Special Needs

If your child has special needs, he/she will find a home at Chattooga. Students are evaluated individually and then placed in a program that will meet their needs. Your child will be challenged to reach his/her potential in a safe, welcoming atmosphere. Students with special needs can choose to participate in a variety of competitive and performance activities with mainstream and Special Olympics athletes. Parents of students with special needs find the waiting area at the gym a great place to exchange ideas and lend support to each other.

Reprinted from USAGymnastics Technique Magazine Nov./Dec. 2009

Incorporating Special Olympics into Group Gymnastics
By Luan Peszek

Cindy Bickman owns Chattooga Gymnastics in Marietta, Ga. Bickman has found a way to incorporate special needs children and Special Olympics into her gymnastics programs. Bickman has 50 special needs students in her gym, most...read more

Reprinted from USAGymnastics Member News April 2010

Teaching Gymnastics to Students with Autism
By Cindy Bickman

For a gymnastics instructor, teaching a student who has autism can be scary at first.  Many of these children can easily be mainstreamed in a class, but others require one on one instruction and have difficulty participating in a busy gym environment. For a gymnastics instructor, teaching a student who has autism can be scary at first.  Many of these children can easily be mainstreamed in a class, but others require one on one instruction and have difficulty participating in a busy gym environment.  Yes, it may be helpful for the instructor to have a background in special education, but it's not necessary.  The parents of a child with autism are usually the best resource.  They can share information about the student's physical and mental development, communication skills, and helpful hints about working with the child.  Before including a student who has autism in a class, it is best to schedule an interview to introduce the student to the instructor as well as show him/her around the gym.  It is important to determine whether the child will be able to participate in a mainstream class, a special needs class, or require one on one instruction.   Once you have enrolled a student with autism in your gym, the adventure begins!  Often these children have trouble communicating and expressing their feelings, but when they want to take extra turns on the trampoline and eagerly reach for the high bar, you know they are learning and having fun at gymnastics.  I have found that teaching students with special needs has made me a better instructor.  I have to be more organized in the structure of my class, break skills down into very minute parts to make sure the students are always safe and successful, and give clear and concise instructions in the same way every time.   Parents of students with autism want the same things for their children that all parents want.  Manya Parker says this about her daughter's experience in gymnastics:  "I think that gymnastics has helped Darby in all aspects of her life.  One of the most important things to me is the upper body strength and coordination.  She seems to really enjoy the music, and the movement of it. The rhythmic side of gymnastics got her attention span to really expand from a few minutes in the beginning to the whole class time now.  We will continue with gymnastics as long as it helps her and she enjoys it.  Darby says gymnastics is really good and she likes the ball, ribbon, and rope the best. Darby also says that she likes to see all her friends at practice."    Children who have autism face challenges in life everyday.  Amanda Baskin, whose daughter has taken gymnastics for two years, wrote this:  "After a very hard week at school, when Charlotte had been bullied and one child had even told her he was going to shoot her dead, I asked Charlotte what she would like to do that would make her feel better.  Without hesitation she said to me "I want to go to gymnastics, it makes me feel good."  When all is said and done, children who have autism are just kids.  They need a place to learn to run, jump, tumble, swing, balance, and climb.  But most of all, they need a place where they feel welcome, and an instructor who believes in them and encourages them to be the best that they can be, no matter what challenges they face in life.   Submitted by Cindy Bickman USA Gymnastics' Special Olympics Contact.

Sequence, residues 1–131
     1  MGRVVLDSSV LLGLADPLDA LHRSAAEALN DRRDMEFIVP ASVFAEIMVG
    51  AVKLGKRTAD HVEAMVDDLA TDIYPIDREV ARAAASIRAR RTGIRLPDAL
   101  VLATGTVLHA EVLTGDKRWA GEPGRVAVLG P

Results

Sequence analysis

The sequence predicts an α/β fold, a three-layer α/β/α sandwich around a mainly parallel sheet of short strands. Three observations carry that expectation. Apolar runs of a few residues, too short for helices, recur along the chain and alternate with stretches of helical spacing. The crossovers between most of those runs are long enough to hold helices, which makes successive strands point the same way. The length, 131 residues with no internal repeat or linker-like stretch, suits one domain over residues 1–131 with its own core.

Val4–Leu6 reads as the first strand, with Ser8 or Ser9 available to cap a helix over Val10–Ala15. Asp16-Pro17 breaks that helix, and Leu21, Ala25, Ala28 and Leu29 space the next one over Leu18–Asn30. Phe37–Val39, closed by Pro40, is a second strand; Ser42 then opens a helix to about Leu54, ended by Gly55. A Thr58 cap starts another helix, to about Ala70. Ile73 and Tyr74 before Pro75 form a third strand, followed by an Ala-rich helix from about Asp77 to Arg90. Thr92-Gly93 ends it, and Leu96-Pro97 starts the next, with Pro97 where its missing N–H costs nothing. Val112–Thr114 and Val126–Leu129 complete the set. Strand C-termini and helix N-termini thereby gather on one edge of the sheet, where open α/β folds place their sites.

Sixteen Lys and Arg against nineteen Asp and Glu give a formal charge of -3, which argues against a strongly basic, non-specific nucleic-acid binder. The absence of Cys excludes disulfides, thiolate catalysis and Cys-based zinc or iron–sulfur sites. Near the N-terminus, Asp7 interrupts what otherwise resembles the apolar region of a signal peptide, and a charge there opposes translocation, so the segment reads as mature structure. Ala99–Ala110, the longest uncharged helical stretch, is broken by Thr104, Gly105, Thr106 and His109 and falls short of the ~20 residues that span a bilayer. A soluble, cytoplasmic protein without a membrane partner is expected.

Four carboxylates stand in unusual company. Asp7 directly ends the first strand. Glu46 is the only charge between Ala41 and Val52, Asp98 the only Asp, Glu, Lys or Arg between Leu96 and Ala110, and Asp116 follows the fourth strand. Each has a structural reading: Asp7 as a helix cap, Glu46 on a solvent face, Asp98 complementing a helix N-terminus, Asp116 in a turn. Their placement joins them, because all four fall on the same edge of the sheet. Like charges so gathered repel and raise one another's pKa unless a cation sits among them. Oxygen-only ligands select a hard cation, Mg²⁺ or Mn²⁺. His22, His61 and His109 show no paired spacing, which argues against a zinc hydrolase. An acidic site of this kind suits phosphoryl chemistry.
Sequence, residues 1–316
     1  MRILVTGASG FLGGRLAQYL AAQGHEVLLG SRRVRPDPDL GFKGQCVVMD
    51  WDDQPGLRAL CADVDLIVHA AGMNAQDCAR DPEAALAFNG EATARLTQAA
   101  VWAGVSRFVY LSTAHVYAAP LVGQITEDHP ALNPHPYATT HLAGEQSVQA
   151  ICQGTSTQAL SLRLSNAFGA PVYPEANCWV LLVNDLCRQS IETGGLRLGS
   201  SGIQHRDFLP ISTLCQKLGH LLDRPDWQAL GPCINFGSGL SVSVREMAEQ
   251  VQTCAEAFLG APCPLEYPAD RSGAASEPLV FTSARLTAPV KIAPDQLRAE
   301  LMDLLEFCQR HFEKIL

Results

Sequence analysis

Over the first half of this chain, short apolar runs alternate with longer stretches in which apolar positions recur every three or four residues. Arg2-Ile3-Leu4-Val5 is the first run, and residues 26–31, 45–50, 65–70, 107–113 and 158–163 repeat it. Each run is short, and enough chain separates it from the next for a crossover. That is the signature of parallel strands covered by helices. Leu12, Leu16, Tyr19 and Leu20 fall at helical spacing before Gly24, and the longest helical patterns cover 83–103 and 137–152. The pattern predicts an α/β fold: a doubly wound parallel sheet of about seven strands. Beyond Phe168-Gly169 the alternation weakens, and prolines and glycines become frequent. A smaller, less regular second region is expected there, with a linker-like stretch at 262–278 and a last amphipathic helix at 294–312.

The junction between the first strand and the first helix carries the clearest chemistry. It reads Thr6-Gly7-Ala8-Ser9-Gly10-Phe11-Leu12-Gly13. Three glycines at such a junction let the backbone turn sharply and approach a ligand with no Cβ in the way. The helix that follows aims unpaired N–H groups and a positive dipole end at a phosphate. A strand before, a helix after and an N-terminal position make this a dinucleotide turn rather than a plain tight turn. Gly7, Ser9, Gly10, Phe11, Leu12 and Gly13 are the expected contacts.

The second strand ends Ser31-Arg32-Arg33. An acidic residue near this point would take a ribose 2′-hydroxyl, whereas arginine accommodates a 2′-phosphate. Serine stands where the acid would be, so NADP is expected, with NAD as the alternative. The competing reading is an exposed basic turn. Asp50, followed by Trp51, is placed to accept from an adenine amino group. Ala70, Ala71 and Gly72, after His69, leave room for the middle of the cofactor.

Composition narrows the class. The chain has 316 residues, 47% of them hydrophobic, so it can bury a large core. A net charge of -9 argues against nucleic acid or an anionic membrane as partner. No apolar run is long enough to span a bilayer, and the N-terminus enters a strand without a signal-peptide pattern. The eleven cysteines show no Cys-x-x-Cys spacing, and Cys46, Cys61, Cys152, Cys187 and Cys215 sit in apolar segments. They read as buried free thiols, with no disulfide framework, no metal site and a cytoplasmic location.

A Poem

Special Needs
Rhythmic gymnastics for students with special needs.

 

Special Needs Special Needs
Special Needs Artistic gymnastics for students with special needs.
Special Needs Special Olympians practice with their Unified Partners
Special Needs Special Needs
Special Olympians practice with their moms
Special Needs
Ballet Class